Reassuringly quickly I started to receive emails form people in the street saying they would like to take part and so far I have met with three of them. In talking to them and discussing the project with them I realised that I had some other aims in what I was doing and these were:
Not to objectify
A lot of art that is about people – portraits for example – has a tendency to objectify the person being portrayed – they become an object for the artist to work off, and although in a portrait one would look to capture personality as well as physical features, these also become objectified in some way. What I sought was subjectivity – that any work produced would be the collaboration of myself and the person I was talking to, it would be an exploration and an experience rather than ‘capturing’ them in some way – a word we often use when talking about someone’s likeness whether in photography or by other means ‘you’ve really captured them’, ‘you’ve caught the eyes really well’ and so on. I use this language myself instinctively and I am now consciously trying to change it.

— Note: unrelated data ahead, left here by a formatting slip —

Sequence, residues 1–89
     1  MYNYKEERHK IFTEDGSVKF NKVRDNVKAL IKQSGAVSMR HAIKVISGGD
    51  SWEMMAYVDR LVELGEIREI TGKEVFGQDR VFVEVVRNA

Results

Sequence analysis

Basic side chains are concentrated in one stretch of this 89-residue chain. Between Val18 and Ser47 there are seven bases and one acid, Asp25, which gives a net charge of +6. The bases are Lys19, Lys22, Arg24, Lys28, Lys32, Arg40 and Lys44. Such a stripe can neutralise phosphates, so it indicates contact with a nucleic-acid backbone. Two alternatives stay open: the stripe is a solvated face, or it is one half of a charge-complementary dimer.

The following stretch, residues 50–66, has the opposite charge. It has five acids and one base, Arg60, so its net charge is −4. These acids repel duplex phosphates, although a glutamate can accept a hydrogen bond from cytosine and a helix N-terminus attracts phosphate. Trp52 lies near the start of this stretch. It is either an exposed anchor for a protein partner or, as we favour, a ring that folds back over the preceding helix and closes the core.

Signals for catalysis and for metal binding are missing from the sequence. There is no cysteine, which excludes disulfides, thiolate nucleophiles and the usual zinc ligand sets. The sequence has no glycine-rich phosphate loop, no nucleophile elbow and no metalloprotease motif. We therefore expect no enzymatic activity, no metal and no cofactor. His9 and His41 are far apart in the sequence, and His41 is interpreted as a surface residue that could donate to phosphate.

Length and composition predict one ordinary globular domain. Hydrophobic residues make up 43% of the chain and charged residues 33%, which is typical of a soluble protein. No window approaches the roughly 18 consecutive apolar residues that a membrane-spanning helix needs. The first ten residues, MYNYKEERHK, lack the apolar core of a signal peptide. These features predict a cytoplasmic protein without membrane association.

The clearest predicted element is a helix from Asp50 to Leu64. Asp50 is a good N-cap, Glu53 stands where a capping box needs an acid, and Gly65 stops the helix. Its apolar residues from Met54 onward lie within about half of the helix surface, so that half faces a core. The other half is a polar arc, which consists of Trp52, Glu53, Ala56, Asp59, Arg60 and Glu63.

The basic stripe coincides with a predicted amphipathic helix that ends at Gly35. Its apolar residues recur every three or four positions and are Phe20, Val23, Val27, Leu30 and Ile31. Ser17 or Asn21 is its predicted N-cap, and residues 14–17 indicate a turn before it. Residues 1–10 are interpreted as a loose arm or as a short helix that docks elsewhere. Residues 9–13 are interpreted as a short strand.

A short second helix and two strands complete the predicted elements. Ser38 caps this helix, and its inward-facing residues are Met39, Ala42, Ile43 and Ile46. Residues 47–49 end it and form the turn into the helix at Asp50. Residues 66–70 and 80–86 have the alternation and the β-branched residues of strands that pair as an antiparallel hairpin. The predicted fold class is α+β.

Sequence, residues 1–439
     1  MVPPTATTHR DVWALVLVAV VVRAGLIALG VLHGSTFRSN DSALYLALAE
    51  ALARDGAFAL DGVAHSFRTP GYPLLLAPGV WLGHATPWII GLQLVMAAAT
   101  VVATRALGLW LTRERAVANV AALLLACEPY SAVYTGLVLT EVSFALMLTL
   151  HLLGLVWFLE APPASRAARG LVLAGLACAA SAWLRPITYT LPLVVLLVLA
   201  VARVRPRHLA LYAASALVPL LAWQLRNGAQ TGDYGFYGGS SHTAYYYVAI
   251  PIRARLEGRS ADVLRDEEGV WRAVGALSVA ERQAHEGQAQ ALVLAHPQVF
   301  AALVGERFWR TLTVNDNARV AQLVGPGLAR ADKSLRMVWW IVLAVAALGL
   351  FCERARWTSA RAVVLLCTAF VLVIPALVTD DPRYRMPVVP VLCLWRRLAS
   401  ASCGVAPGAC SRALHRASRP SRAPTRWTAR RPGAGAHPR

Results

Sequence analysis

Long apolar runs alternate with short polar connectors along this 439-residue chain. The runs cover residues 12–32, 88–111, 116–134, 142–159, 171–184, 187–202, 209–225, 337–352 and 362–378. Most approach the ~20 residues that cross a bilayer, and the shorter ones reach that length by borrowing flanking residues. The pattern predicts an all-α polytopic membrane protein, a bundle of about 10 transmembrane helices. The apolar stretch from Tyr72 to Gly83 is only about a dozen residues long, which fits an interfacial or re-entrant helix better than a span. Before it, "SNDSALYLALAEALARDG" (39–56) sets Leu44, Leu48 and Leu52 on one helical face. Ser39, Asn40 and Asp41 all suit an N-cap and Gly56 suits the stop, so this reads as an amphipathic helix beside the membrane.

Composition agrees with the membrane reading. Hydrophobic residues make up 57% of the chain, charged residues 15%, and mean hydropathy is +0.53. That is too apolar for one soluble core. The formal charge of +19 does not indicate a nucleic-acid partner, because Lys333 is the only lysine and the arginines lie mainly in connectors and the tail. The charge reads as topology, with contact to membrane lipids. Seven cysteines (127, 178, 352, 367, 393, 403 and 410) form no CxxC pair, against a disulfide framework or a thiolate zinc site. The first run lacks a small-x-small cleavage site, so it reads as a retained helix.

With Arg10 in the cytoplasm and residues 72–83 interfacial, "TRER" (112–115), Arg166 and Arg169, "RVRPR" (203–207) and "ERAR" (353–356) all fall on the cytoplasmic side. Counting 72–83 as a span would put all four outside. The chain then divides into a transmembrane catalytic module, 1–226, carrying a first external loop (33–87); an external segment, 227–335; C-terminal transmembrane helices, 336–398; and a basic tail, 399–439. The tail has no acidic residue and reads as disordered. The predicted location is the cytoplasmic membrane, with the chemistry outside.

Some of this thinking has come out of my discussions with the residents of Courtenay Street and my thoughts about how I will make those discussions and experiences into art works and some has come from my London Debates series of drawings. These drawings which are made whilst people are actively engaged in debate or protest or purposeful conversation are an attempt to put down on paper the experience of seeing and hearing that energy that people have when they are engaged in activity to which they are passionately committed. They are multiple viewpoints and timepoints layered up to create a picture that pulls together a series of moments during a discussion or presentation or demonstration. They aren’t always great likenesses and they don’t always work to my satisfaction, but I feel if I keep on attempting it I will learn something. They are the opposite of a photographic ‘snap’ and it feels like a useful thing to do to find a different way of recording such moments when instant-photography is so ubiquitous and seems to create a homogenous experience of such moments; caught in a fraction of a second we all look the same to some extent when we are in mid-sentence.